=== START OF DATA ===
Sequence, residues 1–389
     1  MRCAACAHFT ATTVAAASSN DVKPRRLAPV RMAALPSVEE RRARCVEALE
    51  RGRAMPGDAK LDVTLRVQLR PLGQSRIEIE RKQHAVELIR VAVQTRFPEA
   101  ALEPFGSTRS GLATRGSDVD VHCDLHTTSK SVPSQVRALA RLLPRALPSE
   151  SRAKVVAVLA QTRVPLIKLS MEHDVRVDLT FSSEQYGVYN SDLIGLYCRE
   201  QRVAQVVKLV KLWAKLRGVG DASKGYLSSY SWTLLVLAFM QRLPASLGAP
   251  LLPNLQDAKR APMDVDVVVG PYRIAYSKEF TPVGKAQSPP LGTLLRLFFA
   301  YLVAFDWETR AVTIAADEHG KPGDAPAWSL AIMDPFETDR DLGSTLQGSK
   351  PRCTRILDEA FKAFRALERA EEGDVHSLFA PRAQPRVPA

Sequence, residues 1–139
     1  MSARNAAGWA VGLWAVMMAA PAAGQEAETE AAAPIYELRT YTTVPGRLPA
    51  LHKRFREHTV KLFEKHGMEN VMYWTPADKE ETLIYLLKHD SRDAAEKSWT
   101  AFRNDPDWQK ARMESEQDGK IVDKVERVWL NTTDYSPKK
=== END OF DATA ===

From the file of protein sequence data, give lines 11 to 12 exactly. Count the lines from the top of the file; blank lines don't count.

     1  MSARNAAGWA VGLWAVMMAA PAAGQEAETE AAAPIYELRT YTTVPGRLPA
    51  LHKRFREHTV KLFEKHGMEN VMYWTPADKE ETLIYLLKHD SRDAAEKSWT